Americans are living and loving longer than ever before. And as stigmas around aging and who we age with continue to dissipate, more and more elder adults are feeling empowered to be themselves openly and honestly. Old standards of behavior sometimes persist, though, and in their wake leave crises of identity and loneliness. Society as a whole has finally become okay with senior citizens remaining in the work place—as long as they don’t dictate too much about it. And most in the South are finally comfortable with the idea of the 70-plus crowd having sex—so far as the sex is straight and nothing to blush about.
An estimated six percent of elder adults are lesbian, gay, bisexual or transgender, but far few openly identify as such. Unique stressors associated with being a sexual minority make some seniors think twice about coming out. Openly LGBT older adults are more likely to suffer economic, physical and mental disadvantages as they and those around them come to terms with their identity. They are also more likely to live alone and experience social isolation. These challenges, coupled with the obstacles that already exist in getting old, can seem insurmountable to many.
Thankfully, there is evidence that as society and the eldercare industry specifically are more educated on the plight of older LGBT people, these individuals are finding joy and satisfaction later in life. Just like their heterosexual counterparts became more transparent about their active sex lives around the turn of the millennium, so gay, bi and transgender seniors are embracing one of the most integral facets of life—intimacy.
Bill Adair and Rick Rheaume, 69 and 61 respectively, love their lives and are comfortable being themselves, even in conservative Northwest Florida and around their own ex-wives. They have been together 27 years and could not be happier.
“Ours is a good life,” Bill said, a painter who has adorned their Gulf Breeze home with his own artistic depictions of wildlife. “It wasn’t always, though,” Rick recalled, who has worked for many Fortune 500 companies in his career. “There used to be a joke around the office that management would find an excuse to fire someone for being gay, so I had to be very careful.”
Whether it is the self-confidence that comes naturally with aging or the world around them that is slowly progressing, the two are comfortable in their own skin now.
“We stopped asking for permission and started asking for acceptance,” Bill said.
The two enjoy traveling and being near the water, but admit that if they were still forced—by themselves or by their community—to be in the closet, life would not hold the spice it does now.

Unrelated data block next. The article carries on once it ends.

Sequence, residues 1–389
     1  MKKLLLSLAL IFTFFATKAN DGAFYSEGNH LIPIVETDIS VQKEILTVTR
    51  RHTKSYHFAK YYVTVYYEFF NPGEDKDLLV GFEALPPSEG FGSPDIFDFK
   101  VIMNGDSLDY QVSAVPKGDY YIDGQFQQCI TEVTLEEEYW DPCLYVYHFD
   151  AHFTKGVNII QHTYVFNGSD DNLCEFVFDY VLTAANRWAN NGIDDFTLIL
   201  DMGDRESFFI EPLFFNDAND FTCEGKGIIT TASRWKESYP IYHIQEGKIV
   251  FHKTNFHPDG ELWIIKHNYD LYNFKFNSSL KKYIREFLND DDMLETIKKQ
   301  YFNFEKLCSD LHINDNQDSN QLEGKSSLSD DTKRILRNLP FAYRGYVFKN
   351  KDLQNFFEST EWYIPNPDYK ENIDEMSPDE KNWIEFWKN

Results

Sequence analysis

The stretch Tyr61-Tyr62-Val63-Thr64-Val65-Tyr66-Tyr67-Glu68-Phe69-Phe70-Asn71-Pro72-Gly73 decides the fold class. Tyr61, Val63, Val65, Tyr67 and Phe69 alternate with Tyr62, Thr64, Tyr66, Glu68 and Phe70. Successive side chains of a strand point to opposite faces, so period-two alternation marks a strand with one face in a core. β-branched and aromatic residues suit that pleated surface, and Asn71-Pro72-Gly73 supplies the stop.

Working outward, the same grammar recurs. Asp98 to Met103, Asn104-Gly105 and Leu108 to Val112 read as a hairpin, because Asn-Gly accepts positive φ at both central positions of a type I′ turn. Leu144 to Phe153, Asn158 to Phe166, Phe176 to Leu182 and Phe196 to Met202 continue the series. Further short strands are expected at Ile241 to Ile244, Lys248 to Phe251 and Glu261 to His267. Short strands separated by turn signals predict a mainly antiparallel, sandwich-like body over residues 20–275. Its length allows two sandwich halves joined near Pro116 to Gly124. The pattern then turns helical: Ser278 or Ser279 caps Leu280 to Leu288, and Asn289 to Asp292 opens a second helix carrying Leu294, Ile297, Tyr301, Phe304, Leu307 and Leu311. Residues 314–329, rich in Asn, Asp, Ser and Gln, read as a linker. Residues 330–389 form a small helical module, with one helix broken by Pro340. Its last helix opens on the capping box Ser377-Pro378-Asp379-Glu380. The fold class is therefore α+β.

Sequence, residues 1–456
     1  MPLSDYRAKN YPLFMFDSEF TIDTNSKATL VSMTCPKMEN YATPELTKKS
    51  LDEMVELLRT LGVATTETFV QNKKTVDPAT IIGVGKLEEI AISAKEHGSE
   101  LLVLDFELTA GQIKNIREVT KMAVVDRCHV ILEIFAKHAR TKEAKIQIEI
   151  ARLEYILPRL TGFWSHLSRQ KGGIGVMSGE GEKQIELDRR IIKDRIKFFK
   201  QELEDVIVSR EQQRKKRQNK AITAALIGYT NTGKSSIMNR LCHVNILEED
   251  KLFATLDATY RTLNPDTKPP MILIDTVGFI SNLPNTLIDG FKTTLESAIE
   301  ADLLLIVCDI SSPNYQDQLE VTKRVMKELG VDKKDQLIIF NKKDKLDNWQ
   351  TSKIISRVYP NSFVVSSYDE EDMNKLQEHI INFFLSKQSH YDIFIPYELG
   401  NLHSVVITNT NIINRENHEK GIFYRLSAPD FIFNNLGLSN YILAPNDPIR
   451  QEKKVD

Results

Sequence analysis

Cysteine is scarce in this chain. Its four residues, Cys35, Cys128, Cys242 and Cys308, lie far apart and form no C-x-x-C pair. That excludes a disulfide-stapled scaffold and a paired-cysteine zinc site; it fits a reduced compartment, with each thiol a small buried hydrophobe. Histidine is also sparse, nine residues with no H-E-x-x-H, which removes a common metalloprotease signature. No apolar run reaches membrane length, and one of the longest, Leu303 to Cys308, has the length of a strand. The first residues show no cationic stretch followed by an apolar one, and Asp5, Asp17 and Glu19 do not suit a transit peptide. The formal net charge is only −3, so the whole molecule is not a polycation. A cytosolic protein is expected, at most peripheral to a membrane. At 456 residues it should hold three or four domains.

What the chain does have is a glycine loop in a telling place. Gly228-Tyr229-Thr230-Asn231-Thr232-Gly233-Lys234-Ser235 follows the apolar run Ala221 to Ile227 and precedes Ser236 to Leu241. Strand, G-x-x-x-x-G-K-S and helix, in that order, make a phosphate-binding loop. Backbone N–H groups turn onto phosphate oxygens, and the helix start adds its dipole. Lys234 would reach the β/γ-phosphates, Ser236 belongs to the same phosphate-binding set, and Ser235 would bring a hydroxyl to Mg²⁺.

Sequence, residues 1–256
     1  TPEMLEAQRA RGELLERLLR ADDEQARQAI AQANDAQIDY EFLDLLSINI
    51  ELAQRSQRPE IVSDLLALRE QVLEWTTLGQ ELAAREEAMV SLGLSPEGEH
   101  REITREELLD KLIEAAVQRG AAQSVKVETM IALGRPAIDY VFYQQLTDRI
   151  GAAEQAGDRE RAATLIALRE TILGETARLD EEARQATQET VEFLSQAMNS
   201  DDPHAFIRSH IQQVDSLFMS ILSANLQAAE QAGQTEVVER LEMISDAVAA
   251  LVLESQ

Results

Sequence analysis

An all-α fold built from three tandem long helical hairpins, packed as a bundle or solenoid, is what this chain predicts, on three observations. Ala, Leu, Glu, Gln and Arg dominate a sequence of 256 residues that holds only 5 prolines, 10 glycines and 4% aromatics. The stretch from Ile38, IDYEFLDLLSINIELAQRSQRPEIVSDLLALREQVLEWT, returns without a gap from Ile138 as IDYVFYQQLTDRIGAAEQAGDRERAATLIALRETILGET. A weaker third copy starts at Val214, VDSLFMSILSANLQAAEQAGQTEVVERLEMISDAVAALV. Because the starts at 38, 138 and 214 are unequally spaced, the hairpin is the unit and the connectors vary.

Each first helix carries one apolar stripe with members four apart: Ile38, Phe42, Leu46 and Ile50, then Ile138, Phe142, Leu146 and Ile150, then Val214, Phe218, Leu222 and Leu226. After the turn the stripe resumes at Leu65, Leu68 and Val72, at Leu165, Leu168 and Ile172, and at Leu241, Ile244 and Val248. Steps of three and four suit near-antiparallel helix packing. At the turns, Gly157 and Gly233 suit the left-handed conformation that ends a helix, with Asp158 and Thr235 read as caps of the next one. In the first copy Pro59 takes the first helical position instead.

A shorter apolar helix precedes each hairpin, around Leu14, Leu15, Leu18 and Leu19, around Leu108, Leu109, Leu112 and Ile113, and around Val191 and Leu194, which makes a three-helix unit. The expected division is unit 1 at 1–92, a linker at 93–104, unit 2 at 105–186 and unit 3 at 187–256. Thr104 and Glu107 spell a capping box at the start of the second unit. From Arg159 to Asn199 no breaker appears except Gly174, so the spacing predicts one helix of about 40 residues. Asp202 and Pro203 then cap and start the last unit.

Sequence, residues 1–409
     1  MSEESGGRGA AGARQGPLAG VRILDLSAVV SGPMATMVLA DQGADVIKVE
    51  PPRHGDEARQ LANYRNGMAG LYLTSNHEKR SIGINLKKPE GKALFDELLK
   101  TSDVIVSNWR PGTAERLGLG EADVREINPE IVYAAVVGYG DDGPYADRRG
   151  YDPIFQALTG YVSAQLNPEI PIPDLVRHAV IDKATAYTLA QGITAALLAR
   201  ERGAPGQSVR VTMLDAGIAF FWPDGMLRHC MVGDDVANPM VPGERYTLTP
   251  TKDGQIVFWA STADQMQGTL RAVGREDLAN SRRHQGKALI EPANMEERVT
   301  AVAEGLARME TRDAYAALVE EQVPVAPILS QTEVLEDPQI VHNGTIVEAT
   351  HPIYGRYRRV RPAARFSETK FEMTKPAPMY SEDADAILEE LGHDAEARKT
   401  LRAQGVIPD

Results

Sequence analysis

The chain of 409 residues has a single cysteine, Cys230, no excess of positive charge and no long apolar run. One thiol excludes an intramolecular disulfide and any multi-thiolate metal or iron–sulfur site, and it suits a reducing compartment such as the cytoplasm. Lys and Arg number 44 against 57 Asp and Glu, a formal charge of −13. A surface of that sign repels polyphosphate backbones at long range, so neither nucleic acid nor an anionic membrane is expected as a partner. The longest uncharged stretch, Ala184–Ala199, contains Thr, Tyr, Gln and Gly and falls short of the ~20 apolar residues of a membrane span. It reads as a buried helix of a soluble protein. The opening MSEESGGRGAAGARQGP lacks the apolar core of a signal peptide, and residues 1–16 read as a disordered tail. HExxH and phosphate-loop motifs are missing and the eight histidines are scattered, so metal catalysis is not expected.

“It’s one of the most personal things about myself,” said Bill. “I’d rather live in poverty than not be honest with myself.”
“Imagine being on your death bed and realizing that you lied to yourself and those around you all your life,” Rick agreed. “It can be difficult to come out, but it is so freeing.”
Another couple, Ron-Paul Henry and Steven Michael (“a couple of five first names,” Ron-Paul likes to joke), have the not-so-unique task of also caring for the latter’s mother. The two are 65 and 55 and have been together for decades. Steven’s mother has lived with them since they moved in together, and they would not have it any other way.
“She had an accident but recovered, but that doesn’t stop her from cleaning the house and doing laundry,” Ron-Paul said. “Last week she came down with shingles.”
The three live together in Destin and would not trade this part of the world for anything. While Ron-Paul admits there is not much to do for an older gay couple, they enjoy being with friends and caring for Steven’s mother.
“It is hard being gay,” Ron-Paul said. “Most of our friends are straight people in the military, but they are very accepting.”
Ron-Paul and Steven follow the current optimistic trend of older gay couples being upfront and honest about who they are, while not making the fact that they are gay the most notable thing about them. Others lack the support system or self-confidence to be themselves, whether in the workplace, around friends or even at home. The most important thing, according to both Bill and Rick and Ron-Paul and Steven, is to do everything in your own time and according to your own needs.
“You have to ask yourself, are you coming out for society or for yourself?” Ron-Paul said. “I would be looking for some kind of peace. You have to satisfy your basic needs before moving on.”
Council on Aging of West Florida is compliant with the Better Business Bureau's Wise Giving Alliance Standards for Charity Accountability. Learn more at www.bbb.org.